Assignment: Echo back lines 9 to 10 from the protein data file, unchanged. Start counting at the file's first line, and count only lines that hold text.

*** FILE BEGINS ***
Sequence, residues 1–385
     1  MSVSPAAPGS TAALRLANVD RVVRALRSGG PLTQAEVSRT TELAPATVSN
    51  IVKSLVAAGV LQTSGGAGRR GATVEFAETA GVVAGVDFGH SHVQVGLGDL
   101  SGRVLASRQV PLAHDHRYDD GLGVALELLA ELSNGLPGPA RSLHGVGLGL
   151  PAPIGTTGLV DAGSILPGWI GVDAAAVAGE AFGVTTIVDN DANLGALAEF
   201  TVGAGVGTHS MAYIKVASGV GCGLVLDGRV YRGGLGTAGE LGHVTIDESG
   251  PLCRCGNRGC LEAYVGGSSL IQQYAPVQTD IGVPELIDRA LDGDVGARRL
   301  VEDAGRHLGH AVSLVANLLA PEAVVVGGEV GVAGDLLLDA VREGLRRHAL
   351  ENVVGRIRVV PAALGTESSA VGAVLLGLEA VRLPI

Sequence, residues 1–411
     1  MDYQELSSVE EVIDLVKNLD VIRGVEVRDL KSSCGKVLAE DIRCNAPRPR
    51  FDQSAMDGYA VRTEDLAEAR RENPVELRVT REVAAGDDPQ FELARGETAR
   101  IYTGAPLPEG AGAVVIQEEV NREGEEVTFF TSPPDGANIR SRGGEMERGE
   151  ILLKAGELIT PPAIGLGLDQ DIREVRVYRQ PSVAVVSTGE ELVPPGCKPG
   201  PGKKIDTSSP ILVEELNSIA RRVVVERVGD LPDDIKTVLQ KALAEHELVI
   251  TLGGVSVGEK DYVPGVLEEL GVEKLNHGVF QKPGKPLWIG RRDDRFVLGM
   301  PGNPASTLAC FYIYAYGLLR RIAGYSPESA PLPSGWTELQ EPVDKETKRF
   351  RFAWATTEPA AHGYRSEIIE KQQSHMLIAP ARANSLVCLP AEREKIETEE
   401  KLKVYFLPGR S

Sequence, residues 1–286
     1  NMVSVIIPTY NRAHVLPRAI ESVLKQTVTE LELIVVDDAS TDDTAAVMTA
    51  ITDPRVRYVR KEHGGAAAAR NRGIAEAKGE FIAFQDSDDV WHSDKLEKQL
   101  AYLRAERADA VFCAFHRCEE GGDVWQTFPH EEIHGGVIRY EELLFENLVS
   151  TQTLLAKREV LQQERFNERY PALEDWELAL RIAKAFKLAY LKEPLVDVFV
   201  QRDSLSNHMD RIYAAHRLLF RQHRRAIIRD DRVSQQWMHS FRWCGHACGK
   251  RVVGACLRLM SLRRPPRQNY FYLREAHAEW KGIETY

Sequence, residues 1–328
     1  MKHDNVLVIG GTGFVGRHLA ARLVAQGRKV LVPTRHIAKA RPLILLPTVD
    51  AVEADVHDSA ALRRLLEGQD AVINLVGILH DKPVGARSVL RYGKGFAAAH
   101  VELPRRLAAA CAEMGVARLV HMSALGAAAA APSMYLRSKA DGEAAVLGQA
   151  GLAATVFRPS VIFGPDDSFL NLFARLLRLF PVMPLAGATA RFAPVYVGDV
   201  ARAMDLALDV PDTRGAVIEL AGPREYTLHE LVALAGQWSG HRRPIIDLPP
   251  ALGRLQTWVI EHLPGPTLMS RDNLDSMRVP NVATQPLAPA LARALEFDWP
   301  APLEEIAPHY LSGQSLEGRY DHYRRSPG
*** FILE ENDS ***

   351  ENVVGRIRVV PAALGTESSA VGAVLLGLEA VRLPI

Sequence, residues 1–411